In the mid-1800s, thousands of emigrant pioneers followed the Oregon Trail 2,000 miles from Missouri to Oregon in search of a better life. But the Oregon Trail was never just one route. Some emigrants deviated from the main trail in search of water and livestock forage, while others found shortcuts and better routes that avoided difficult terrain.
Two segments of the primary route, North Trail and Sinker Creek, are located in southwestern Idaho, and visitors today can still see original wagon ruts.
Other trail segments are found in southeastern Idaho, on lands managed by the BLM Pocatello Field Office. Here, the Oregon Trail and California Trail ran together, through lands that had been in use by humans since prehistoric times.
The Oregon Trail started in Independence, Missouri, came through Nebraska and Wyoming and traversed southern Idaho via several routes. These eventually came together again near Boise before heading north and west to Oregon. The Oregon Trail first saw serious use in 1843, when a thousand pioneers made their way west. In 1850, 55,000 pioneers rolled westward by wagon train. Contrary to Hollywood depictions, most of the pioneers walked – wagons were used primarily for carrying supplies.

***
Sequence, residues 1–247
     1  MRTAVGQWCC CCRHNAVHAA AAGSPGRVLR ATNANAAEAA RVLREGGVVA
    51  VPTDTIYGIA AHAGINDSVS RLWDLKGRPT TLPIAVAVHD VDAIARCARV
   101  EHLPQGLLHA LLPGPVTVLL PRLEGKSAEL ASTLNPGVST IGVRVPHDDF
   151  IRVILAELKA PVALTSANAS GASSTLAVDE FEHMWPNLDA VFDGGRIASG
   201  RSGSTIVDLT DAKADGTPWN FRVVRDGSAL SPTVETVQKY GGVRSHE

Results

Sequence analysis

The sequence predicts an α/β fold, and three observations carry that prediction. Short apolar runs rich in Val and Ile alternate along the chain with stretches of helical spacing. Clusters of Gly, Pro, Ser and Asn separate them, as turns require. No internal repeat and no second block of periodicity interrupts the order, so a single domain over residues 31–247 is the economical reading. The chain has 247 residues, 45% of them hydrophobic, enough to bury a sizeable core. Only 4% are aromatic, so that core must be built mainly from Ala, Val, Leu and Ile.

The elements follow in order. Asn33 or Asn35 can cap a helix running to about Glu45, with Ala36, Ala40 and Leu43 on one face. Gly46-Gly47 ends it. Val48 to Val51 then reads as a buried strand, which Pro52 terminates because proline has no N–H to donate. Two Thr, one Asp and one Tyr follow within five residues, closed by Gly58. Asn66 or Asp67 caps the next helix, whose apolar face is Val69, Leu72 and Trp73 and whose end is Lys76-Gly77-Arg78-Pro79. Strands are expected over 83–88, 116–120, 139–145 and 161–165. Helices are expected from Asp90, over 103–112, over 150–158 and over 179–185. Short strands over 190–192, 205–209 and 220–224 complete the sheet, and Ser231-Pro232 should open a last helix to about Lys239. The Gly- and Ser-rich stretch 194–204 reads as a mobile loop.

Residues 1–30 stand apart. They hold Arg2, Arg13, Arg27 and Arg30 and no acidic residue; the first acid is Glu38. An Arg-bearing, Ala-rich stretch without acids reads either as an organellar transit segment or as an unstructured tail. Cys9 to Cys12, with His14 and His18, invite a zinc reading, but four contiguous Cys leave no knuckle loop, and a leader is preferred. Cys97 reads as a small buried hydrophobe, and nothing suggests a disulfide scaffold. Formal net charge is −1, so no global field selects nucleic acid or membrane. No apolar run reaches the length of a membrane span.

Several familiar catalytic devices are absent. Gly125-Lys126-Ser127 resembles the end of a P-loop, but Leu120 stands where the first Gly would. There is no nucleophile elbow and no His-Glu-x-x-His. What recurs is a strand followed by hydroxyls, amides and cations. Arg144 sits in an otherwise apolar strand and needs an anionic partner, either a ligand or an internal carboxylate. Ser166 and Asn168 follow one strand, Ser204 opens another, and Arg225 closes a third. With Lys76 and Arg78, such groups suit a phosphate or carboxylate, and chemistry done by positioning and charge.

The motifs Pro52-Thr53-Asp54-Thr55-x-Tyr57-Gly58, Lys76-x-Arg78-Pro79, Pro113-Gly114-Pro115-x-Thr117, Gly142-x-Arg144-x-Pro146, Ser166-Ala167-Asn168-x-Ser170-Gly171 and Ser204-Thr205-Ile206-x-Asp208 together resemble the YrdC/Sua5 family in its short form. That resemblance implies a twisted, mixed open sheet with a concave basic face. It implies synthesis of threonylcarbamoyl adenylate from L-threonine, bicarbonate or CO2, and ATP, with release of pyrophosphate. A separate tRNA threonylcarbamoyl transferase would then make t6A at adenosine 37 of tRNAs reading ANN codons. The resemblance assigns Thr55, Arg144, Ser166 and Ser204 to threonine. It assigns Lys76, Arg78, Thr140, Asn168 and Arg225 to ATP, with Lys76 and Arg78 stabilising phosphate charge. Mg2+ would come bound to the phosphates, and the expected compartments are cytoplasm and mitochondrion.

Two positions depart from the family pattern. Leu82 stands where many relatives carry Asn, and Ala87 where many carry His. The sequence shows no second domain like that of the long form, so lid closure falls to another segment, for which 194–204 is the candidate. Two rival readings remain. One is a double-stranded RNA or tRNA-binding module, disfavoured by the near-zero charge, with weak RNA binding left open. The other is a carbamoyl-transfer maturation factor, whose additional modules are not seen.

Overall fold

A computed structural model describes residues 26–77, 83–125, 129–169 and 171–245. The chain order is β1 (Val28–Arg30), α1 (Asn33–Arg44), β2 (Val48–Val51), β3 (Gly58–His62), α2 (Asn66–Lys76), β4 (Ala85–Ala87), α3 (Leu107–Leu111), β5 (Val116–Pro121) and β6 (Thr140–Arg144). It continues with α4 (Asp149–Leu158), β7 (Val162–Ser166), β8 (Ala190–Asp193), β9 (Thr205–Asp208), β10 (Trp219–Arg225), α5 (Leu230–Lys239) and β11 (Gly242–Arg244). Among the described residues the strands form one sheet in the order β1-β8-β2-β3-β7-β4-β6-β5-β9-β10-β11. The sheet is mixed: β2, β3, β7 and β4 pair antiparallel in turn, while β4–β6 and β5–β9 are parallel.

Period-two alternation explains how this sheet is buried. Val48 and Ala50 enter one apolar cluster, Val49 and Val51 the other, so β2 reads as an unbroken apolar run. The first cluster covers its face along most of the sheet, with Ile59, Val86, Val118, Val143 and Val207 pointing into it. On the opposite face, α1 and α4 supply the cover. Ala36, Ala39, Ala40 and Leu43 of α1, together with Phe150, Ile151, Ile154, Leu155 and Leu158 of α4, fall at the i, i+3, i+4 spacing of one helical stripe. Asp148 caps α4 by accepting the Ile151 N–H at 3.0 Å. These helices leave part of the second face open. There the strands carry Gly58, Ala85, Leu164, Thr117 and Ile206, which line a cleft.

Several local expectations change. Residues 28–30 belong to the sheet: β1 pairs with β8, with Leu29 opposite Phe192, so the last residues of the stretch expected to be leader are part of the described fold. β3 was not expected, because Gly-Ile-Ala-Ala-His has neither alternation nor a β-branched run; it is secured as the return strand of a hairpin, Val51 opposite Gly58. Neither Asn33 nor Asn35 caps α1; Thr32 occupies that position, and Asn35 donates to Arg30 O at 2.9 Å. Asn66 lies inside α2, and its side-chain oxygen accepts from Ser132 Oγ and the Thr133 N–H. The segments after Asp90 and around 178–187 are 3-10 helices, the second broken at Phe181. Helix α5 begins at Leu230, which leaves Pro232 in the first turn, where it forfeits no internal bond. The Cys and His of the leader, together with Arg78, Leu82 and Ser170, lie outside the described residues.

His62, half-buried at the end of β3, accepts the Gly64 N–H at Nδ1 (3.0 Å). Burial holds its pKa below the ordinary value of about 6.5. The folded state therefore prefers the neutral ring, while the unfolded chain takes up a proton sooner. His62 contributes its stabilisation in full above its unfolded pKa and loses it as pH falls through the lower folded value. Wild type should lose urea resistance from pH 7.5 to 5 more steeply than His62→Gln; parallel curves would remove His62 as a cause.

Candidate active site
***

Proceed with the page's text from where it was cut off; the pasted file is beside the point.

In many places, lines of wagons spread out several hundred yards wide. The crude network of rutted tracks would eventually lead nearly 400,000 settlers to the West. When gold was discovered in Idaho in the 1860s, the Oregon Trail was used by miners and settlers moving to Idaho. Many of the trail ruts still exist today, making it possible to truly walk in pioneers' footsteps.
Source: The Oregon National Historic Trail